To fix these problems, Brin and Page revised their basic PageRank concept. Still using the hyperlink structure of the Web, they build an irreducible aperiodic Markov chain characterized by a primitive (irreducible with only one eigenvalue on the spectral circle) transition probability matrix. The irreducibility guarantees the existence of a unique stationary distribution vector nT, which becomes the PageRank vector. The power method with a primitive stochastic iteration matrix will always converge to nT independent of the starting vector, and the asymptotic rate of convergence is governed by the magnitude of the subdominant eigenvalue X2 of the transition matrix .
Here’s how Google turns the hyperlink structure of the Web into a primitive stochastic matrix. If there are n pages in the Web, let H be the n x n matrix whose element hij is the probability of moving from page i to page j in one click of the mouse. The simplest model is to take hij = 1/|Oi|, which means that starting from any Web page we assume that it is equally likely to follow any of the outgoing links to arrive at another page.
However, some rows of H may contain all zeros, so H is not necessarily stochastic. This occurs whenever a page contains no outlinks; many such pages exist on the Web and are called dangling nodes. An easy fix is to replace all zero rows with eT/n, where eT is the row vector of all ones. The revised (now stochastic) matrix S can be written as a rank-one update to the sparse H. Let a be the dangling node vector in which
1 if page i is a dangling node, 0 otherwise. Then,
Actually, any probability vector pT > 0 with pTe = 1 can be used in place of the uniform vector eT/n.
We’re not home yet because the adjustment that produces the stochastic matrix S isn’t enough to insure the existence of a unique stationary distribution vector (needed to make PageRank well defined). Irreducibility on top of stochasticity is required. But the link structure of the Web is reducible—the Web graph is not strongly connected. Consequently, an adjustment to make S irreducible is needed. This last adjustment brings us to the Google matrix, which is defined to be
G = aS + (1 – a)E,
where 0 < a < 1 and E = eeT/n. Google eventually replaced the uniform vector eT/n with a more general probability vector vT (so that E = evT) to allow them the flexibility to make adjustments to PageRanks as well as to personalize them. See [10, 15] for more about the personalization vector vT.
Because G is a convex combination of the two stochastic matrices S and E, it follows that G is both stochastic and irreducible. Furthermore, every node is now directly connected to every other node (although the probability of transition may be very small in some cases), so G > 0. Consequently, G is a primitive matrix, and this insures that the power method n(k+1)T = n(k)T G will converge, independent of the starting vector, to a unique stationary distribution nT . This is the mathematical part of Google’s PageRank vector.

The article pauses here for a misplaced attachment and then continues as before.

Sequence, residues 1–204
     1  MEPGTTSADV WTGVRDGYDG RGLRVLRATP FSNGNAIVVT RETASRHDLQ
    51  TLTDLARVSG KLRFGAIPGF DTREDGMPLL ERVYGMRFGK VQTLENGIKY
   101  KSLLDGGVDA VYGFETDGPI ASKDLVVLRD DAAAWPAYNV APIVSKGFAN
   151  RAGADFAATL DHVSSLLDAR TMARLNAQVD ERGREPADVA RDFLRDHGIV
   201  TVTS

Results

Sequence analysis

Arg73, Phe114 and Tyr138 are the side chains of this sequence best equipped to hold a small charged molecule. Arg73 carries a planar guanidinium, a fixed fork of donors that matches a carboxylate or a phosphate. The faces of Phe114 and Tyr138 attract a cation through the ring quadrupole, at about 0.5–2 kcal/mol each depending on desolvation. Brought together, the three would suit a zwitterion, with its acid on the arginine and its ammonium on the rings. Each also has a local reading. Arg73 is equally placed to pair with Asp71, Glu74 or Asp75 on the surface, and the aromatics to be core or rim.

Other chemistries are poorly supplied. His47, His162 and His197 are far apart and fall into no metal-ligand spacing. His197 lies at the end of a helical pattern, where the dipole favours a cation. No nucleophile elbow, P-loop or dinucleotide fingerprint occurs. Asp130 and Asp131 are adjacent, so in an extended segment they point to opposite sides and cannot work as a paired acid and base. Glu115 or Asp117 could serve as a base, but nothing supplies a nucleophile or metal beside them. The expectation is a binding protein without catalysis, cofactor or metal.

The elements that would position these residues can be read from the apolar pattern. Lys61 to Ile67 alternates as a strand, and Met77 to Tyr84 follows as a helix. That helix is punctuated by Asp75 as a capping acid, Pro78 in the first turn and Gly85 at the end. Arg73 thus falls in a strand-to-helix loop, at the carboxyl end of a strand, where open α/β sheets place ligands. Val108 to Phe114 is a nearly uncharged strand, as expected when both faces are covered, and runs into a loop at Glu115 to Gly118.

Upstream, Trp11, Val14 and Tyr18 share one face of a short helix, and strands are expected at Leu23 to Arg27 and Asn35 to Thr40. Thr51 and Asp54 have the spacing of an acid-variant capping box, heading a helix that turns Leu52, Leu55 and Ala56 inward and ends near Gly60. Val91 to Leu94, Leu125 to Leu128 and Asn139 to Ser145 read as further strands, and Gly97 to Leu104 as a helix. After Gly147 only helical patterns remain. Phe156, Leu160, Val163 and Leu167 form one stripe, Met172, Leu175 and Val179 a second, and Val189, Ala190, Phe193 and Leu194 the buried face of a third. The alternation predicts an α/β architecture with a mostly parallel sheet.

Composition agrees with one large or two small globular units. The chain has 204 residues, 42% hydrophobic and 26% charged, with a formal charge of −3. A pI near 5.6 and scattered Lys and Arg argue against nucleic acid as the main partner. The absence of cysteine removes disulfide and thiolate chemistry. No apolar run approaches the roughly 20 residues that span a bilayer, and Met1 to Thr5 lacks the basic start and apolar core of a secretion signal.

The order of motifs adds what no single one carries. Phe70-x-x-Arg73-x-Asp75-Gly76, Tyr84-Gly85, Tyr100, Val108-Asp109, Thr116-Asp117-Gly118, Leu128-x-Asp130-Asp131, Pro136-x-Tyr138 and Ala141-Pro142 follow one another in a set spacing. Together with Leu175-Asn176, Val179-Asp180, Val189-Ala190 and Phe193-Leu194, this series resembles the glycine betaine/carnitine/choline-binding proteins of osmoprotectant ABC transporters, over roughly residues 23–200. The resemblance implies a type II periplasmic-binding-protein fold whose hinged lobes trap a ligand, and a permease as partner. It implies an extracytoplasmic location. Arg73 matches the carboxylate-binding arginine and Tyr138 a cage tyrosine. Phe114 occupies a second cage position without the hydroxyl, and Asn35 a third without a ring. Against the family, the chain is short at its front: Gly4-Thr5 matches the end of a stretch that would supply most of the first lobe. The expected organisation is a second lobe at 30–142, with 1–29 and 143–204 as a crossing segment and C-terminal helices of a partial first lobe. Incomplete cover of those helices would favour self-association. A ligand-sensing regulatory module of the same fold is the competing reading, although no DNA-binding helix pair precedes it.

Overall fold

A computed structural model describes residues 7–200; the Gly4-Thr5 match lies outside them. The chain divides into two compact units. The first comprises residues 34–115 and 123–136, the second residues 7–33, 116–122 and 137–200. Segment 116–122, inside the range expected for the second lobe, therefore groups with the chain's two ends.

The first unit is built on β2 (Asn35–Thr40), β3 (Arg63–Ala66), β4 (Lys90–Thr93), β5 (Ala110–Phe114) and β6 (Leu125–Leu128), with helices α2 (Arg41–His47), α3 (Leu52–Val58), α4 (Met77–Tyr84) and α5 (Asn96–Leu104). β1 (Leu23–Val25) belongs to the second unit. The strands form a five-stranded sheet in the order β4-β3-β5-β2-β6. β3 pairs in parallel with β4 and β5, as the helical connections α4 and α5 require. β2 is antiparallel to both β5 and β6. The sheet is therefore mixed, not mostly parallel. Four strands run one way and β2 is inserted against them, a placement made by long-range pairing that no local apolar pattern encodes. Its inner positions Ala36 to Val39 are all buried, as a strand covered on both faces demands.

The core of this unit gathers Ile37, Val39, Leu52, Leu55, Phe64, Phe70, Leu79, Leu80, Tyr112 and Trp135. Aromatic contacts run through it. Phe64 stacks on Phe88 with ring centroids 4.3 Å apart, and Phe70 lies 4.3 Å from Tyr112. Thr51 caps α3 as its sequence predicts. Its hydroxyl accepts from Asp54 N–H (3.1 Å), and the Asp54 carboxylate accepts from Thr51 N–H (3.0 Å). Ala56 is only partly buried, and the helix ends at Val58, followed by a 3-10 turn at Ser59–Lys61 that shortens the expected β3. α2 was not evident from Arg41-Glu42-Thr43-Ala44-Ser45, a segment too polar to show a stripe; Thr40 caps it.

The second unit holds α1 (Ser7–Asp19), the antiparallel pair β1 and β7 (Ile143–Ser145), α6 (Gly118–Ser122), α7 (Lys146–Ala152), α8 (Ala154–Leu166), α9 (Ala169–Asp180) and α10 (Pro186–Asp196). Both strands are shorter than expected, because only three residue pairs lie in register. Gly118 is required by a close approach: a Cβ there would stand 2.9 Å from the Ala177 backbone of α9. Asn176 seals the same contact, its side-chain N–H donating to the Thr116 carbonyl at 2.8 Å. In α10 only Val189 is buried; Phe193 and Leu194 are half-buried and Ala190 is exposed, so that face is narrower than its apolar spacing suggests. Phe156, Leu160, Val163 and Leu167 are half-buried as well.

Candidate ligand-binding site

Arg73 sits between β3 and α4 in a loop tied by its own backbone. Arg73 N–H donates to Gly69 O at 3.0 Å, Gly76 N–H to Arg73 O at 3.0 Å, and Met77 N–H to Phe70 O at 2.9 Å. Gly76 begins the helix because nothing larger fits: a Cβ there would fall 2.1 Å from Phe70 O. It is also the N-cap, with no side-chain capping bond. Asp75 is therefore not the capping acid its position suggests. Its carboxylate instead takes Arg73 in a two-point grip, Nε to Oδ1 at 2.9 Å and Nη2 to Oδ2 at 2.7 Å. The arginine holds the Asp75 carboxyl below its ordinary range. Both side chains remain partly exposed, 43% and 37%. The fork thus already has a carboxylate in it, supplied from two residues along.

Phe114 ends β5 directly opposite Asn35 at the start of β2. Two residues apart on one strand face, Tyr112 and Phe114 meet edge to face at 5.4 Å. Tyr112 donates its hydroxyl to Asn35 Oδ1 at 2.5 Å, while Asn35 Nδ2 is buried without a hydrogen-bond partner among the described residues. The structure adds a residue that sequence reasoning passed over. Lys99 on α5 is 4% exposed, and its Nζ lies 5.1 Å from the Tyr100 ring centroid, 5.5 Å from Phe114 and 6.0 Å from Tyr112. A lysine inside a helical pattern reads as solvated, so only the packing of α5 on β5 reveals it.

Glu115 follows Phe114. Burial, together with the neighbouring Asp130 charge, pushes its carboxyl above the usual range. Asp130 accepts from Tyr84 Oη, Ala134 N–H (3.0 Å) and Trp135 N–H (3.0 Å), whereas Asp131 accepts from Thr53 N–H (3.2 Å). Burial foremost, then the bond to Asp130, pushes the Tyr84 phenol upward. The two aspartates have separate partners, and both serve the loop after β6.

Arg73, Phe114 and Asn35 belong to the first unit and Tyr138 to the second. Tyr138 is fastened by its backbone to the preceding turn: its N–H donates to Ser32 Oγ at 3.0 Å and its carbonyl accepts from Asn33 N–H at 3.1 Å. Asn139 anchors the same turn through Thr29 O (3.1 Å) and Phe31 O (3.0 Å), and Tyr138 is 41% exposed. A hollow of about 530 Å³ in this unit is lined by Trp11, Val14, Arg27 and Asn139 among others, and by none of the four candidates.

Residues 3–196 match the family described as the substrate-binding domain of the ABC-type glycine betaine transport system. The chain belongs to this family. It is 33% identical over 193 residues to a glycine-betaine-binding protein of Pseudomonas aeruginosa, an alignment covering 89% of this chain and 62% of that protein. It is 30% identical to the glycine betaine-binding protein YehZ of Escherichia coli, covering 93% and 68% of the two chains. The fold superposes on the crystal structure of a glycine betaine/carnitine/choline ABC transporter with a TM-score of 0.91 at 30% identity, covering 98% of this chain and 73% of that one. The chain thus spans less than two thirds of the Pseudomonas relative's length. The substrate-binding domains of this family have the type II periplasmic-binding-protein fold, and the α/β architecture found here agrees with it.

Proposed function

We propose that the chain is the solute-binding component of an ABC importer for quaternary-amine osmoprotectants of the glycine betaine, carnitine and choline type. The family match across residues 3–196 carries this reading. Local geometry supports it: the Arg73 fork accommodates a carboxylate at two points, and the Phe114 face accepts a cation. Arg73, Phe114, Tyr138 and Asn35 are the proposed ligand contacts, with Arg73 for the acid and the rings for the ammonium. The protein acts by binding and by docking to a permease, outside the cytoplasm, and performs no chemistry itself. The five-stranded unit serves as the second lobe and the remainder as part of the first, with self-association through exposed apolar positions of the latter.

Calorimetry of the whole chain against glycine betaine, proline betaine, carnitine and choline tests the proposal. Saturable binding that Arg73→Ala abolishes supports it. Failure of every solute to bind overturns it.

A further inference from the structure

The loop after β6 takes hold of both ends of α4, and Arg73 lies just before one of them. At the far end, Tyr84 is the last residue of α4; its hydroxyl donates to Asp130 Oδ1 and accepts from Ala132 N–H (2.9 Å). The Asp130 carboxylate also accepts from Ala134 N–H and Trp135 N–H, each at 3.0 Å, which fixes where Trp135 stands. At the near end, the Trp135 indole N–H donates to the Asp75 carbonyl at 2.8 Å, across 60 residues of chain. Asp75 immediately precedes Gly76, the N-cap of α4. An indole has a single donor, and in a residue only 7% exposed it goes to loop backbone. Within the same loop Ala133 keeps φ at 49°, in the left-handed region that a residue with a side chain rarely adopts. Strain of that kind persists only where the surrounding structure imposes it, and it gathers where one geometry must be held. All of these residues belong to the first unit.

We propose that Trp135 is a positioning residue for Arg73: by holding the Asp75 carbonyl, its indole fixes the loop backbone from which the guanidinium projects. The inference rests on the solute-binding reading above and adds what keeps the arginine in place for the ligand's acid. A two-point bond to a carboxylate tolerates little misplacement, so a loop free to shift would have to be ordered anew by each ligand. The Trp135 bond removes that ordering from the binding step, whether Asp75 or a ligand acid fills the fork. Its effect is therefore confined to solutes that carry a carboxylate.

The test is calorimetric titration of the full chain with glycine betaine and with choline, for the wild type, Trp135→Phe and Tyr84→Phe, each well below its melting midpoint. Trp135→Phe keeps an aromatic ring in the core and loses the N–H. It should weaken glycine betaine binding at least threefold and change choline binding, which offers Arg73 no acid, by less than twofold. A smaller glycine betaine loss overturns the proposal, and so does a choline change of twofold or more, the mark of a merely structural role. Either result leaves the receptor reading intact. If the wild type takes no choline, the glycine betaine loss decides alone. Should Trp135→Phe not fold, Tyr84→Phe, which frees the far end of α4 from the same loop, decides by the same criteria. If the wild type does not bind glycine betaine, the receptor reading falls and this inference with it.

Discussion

While it doesn’t always excite numerical analysts, the power method has been Google’s computational method of choice, and there are some good reasons for this. First, consider iterates of the power method applied to G (a completely dense matrix, were it to be formed explicitly). If we take E = evT, then
n(k)T = n(k-1)TG = an(k-1)TS + (1 – a)vT = an(k-1)TH + (an(k-1)Ta +(1 – a))vT,
Written in this way, it becomes clear that the power method applied to G can be implemented with vector-matrix multiplications on the extremely sparse H, and G and S are never formed or stored. A matrix-free method such as the power method is required due to the size of the matrices and vectors involved (Google’s index is currently 4.3 billion pages). Fortunately, since H is sparse, each vector-matrix multiplication required by the power method can be computed in nnz(H) flops, where nnz(H) is the number of nonzeros in H. And since the average number of nonzeros per row in H is significantly less than 10, we have O(nnz(H)) « O(n). Furthermore, at each iteration, the power method only requires the storage of one vector, the current iterate, whereas other accelerated matrix-free methods, such as restarted GMRES or BiCGStab, require storage of at least several vectors, depending on the size of the subspace chosen. Finally, the power method applied in this way converges quickly. Brin and Page report success using only 50 to 100 power iterations . This is due in large part to the fact that it can be proven  that the subdominant eigenvalue of G satisfies |A2| < a, and Google originally set a = .85.
Like HITS, the basic concepts of PageRank are simple, but there are many subtle issues that lurk just below the surface. For example, there are complicated and unresolved issues concerning personalization, computation, accelerated computation, sensitivity, and updating—more information is available in [7, 11, 12, 21, 15, 17, 18, 20].
This brief introduction describes only the mathematical component of Google’s ranking system. However, it’s known that there are non-mathematical “metrics” that are also considered when Google responds to a query, so the results seen by a user are in fact PageRank tempered by other metrics. While Google is secretive about these other metrics, they state on their Web site (http://www.google.com/technology) that “The heart of our software is PageRank… .”
SIAM is publishing a second edition of the popular Understanding Search Engines: Mathematical Modeling and Text Retrieval  by Michael W. Berry and Murray Browne in 2005. The new edition contains a chapter devoted to link analysis. As a result, readers can see how link analysis and ranking algorithms fit into the overall search process.
Also due out in 2005 is our book, Understanding Web Search Engine Rankings: Google’s PageRank, Teoma’s HITS, and other ranking algorithms . This book from Princeton University Press will contain over 250 pages devoted to link analysis algorithms with several introductory chapters, examples, and code, as well as chapters dealing with more advanced issues in Web search ranking.
[acp add author="Michael W. Berry and Murray Browne" title="Understanding Search Engines: Mathematical Modeling and Text Retrieval" id="1" ... /]